Trump, however, may stand in the way of future pay raises. Documents released recently by Sen. Claire McCaskill (D-Mo.) indicate that the Trump administration plans to recommend no federal employee pay raise for 2019.
Congress has followed a policy of action by inaction on federal employee raises since a three-year freeze on salary rates ended with a raise in January 2014. Starting with that raise and each year since, legislators have allowed the White House’s proposed raise amount to take effect under a complex federal pay law providing for acceptance of that figure unless Congress sets a different one.
The default raise is 1.9 percent, but in yet another complexity, the raise is divided into two components. An increase of 1.4 percent is to be paid across the board, and the funds for the remainder divided among localities, based on comparisons of federal and private-sector pay by metropolitan area.
The Washington-Baltimore area is to receive the largest of the raises, 2.29 percent. The sprawling “locality” encompasses not only the two cities but also much of Maryland and Northern Virginia, and it reaches into West Virginia and south-central Pennsylvania.
Raises are to be effective with the first full pay period of the new year, which in most cases begins Jan. 7.
Blue-collar employees are under a separate system, but they will receive a raise equal to GS employees in their areas, up to a cap of 2.13 percent, the Office of Personnel Management said in guidance issued late Friday.
Senior executives and other white-collar employees at senior levels do not receive a raise in tandem with GS employees. For them, raises are based on performance. Their salary cap is rising from $187,000 to $189,600.
A separate pay cap limiting salaries of GS employees, which affects employees near the top of that salary system in the highest-paid localities, including Washington-Baltimore, will rise from $161,900 to $164,200.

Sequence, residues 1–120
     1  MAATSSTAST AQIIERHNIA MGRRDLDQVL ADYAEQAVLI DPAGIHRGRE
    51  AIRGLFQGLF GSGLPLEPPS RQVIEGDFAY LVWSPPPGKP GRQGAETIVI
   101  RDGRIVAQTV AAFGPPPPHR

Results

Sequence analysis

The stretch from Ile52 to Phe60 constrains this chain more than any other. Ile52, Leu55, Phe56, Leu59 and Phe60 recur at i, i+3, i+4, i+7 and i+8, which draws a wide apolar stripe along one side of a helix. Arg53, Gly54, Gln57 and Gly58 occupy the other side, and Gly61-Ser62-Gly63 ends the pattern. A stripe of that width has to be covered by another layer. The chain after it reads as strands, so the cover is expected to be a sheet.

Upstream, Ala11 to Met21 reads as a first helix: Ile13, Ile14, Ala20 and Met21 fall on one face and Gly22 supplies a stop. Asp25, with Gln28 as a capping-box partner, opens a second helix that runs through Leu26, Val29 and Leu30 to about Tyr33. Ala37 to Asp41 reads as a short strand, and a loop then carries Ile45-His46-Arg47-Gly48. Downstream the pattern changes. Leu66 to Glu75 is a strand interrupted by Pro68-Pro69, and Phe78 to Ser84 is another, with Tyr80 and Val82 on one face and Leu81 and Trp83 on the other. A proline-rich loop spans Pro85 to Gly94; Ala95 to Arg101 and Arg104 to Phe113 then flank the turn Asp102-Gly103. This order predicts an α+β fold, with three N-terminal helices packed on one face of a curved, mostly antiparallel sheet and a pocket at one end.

The raise determination does not affect the earlier-announced 2 percent cost-of-living adjustment coming in January for federal retirees, the same as the amount being paid to those drawing Social Security. Most of those retired under one of those programs, the Federal Employees Retirement System, do not receive inflation adjustments before age 62, however.
The presidential order also allows a raise for top-level political appointees for the first time since January 2010, according to separate OPM guidance. That’s because Congress did not renew language that had frozen the actual amount paid to them since the general salary rate freeze ended. (During those years the rates had increased on paper, allowing for increasing the pay caps for the most highly paid career employees.)
Congress returns to work Jan. 3, so it would have a few days to prevent a raise for political appointees.
If allowed to stand, that raise would boost the payable salary for Cabinet-level officers from $199,700 to $210,700, for example. The vice president’s payable salary would increase from $230,700 to $243,500. The president’s salary, $400,000, cannot be changed during an incumbent’s term.
Pay for members of Congress would remain frozen. Most are paid $174,000, although leaders make more.
Uniformed military personnel will receive 2.4 percent raises, under a recently signed defense budget bill. Trump’s order in effect rejects calls from some members of Congress and federal employee organizations to increase the federal employee raise to that higher amount in the name of “pay parity.”
While the Washington-Baltimore area will receive the largest 2018 General Schedule raise, the San Francisco locality remains the highest paid, followed by New York, Los Angeles and Washington-Baltimore.
The lowest-paid locality is a catchall “rest of the U.S.” outside the city zones that have their own pay rates. That locality also will receive the smallest raise, 1.67 percent.